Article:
Trelease and his colleagues not only want their students to observe the beauty in the world, they want them to be able to analyze it—to see beneath surface appearances. This is evident in Trelease’s advanced placement photography class. Students present projects based on the theme “unconventional beauty.” They compose triptychs and diptychs from photographs taken on a fieldtrip that are striking—juxtaposing man-made, industrial landscapes with images of the natural world. Students present their projects individually, then work as a team to deconstruct, critique, and refine the images—pushing beyond cement and rusted metal and decay to recognize subtle colors, graceful arcs, and rebirth among ashes.
Many Deerfield students also cite a deepened understanding of the social, cultural, and political contexts in their traditional history classes as a direct result of art history classes.
“Art history gives students a sense of context for history, for culture, and informs their knowledge in many other disciplines. Sometimes it dovetails with their class on European history, a particularly nice overlap,” says Lydia Hemphill, who teaches Advanced Placement Art History. “Art is so important as a complement to other disciplines—it often provides a contemplative aspect that kids might not feel in other classes.”
A longtime member of the Fine Arts Department team, Robert Moorhead is serving as chair of the department this year. Moorhead arrived at Deerfield during what might be described as the Academy’s arts renaissance. “When Deerfield was founded in 1797, the original curriculum included neither the visual nor performing arts,” Moorhead says. “It wasn’t until 1969, when the school recruited Dan Hodermarsky to spearhead an art program, that the Fine Arts—which encompassed both the visual and performing—became official classes,” he explains. These days there are nine fulltime teachers in the Visual and Performing Arts Department, several part-time instructors, and specialists who assist on an as-needed basis. Margarita Curtis would like to see an even greater emphasis on the arts curriculum. She says that as Deerfield considers the skills and dispositions students will need to thrive in the years ahead, it is clear that the left-brain functions that were prized in the marketplace of the past century will no longer suffice.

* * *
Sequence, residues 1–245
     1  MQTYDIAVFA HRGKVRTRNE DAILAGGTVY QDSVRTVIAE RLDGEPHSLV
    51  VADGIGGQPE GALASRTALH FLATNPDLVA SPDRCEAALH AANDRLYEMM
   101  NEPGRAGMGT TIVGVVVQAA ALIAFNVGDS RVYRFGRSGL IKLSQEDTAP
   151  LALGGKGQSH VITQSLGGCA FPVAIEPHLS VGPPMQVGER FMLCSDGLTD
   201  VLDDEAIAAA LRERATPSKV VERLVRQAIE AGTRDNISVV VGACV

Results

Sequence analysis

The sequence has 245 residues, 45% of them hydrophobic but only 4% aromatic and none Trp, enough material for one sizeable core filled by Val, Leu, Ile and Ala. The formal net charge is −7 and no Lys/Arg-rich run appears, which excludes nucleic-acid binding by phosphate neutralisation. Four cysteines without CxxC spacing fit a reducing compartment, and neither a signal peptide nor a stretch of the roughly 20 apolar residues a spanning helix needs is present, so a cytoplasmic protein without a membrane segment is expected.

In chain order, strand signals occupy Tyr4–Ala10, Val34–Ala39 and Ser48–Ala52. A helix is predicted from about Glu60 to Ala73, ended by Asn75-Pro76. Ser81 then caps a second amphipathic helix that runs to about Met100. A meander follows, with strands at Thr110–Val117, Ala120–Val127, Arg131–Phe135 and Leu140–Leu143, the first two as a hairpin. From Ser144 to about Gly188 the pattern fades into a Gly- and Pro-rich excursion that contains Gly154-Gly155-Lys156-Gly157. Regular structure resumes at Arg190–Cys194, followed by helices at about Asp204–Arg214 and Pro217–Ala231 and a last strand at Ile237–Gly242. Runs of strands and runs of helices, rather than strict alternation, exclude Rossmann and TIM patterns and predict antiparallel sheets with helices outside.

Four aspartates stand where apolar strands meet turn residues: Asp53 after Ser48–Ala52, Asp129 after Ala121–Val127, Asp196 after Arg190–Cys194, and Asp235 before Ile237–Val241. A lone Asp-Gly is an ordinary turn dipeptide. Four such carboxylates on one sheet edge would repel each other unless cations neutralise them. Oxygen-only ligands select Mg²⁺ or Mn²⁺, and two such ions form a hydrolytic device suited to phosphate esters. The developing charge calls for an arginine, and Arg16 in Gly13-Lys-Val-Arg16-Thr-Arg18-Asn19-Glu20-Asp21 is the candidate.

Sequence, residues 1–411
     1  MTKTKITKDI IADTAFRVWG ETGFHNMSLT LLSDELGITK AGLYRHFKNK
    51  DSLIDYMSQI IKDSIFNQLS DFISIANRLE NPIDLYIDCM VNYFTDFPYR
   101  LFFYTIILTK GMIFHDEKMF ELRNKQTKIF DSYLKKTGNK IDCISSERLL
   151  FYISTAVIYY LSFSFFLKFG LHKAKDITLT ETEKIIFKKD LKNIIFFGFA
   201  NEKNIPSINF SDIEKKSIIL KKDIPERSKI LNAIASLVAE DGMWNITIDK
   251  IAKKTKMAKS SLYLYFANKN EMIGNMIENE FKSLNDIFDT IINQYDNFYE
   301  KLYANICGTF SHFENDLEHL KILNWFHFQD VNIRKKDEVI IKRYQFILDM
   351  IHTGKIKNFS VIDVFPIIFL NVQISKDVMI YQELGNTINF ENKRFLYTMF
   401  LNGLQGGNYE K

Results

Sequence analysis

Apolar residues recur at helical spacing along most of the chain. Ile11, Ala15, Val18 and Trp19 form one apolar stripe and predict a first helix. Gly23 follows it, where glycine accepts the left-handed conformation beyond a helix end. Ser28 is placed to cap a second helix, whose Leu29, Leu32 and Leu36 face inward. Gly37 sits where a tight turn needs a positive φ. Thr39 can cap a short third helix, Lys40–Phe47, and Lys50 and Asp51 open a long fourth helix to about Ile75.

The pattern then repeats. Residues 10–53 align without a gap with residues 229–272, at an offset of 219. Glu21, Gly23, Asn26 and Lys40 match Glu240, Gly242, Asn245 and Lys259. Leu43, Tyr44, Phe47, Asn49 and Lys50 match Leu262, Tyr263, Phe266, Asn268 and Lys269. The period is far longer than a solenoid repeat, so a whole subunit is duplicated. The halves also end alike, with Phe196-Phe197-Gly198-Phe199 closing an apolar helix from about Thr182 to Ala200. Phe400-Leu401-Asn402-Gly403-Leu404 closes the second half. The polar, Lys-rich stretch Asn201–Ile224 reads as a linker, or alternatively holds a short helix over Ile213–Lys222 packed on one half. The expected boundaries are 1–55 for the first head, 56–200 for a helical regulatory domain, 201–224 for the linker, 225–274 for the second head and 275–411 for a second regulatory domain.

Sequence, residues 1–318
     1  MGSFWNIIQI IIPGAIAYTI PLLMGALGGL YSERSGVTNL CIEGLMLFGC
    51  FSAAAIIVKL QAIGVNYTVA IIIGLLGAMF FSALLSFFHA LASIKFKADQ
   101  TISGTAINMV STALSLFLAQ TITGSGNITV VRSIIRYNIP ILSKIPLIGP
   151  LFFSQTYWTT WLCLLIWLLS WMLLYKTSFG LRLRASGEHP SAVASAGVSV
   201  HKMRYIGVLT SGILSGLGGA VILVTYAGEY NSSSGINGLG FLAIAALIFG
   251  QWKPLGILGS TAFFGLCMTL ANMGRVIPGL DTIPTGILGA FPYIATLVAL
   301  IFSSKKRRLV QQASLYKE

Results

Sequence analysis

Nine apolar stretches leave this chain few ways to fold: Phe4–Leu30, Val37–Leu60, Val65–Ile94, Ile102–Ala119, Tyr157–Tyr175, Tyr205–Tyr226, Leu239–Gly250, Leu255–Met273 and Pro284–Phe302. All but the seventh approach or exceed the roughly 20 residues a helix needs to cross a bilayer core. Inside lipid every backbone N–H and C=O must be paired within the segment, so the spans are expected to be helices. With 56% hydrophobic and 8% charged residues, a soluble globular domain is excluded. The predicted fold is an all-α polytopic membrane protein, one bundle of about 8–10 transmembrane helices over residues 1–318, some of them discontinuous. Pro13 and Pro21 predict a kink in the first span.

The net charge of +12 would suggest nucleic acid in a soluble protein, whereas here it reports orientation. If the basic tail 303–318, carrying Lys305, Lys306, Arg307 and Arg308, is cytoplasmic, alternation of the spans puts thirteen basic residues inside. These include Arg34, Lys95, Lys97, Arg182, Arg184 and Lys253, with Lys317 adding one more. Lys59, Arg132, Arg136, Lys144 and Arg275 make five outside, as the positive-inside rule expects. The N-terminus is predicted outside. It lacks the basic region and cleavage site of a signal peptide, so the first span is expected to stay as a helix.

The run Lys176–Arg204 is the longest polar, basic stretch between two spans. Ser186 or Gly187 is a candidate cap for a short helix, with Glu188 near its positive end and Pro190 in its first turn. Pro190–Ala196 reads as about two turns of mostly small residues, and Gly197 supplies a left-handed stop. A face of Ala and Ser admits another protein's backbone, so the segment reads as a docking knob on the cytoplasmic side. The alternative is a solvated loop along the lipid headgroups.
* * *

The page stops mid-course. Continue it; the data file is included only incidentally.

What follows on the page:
However a past or current Deerfield student chooses to integrate art into his or her life, it is bound to stretch the perimeters of how they look at and interact with the world. Jeff Hoerle ’86, took what might be considered the opposite path from alumna Yao Yao Kelly. Hoerle loves to paint but his day job is managing Stone Run Capitol, an investment firm he founded a few years ago. In front of his easel or behind his desk, he can see a direct correlation between the skills required in art and finance.
One of Hoerle’s recent paintings, “Sandy Approaches,” depicts a landscape lit by an eerily pastel sky, trees tumbling in the wind. He likens the energy and volatility of the storm to the uncertainty of the economy. The analytic skills, the ability to step back from the large picture, then zoom in to the details again and interpret what he sees, he says, are precisely the same whether he’s painting or analyzing the future performance of a potential investment.
“When I’m looking at a business to invest in, I recognize up front that the market is fraught with risk—like a hurricane, if you will. So I look at what one company has as opposed to another that will make it successful even through fluctuations. I ask myself, ‘What is it about this business that will do well, even if the economy tanks?’ The ability to visualize, imagine, and interpret is the same.”
Margarita Curtis concurs. “It is becoming quite clear that the growth of the economy and the success of our students in a technologically-driven, globally connected world will depend to a much greater degree on their ability to innovate, to come up with novel ideas, practices, and services that address real-world problems or challenges. The focus will shift from ‘what is’ to ‘what can be.”
Back in David Dickinson’s classroom, Chloe So is absorbed in getting the femur of her cat skeleton exactly right—she’s focused on the work directly in front of her, and isn’t thinking about “what can be” at the moment. She’s got a chem test next period, and immersing herself in her art helps alleviate the jitters as she works out this particular puzzle. There will be different puzzles to solve on the chemistry test, but Chloe holds the key to answering those, too. ••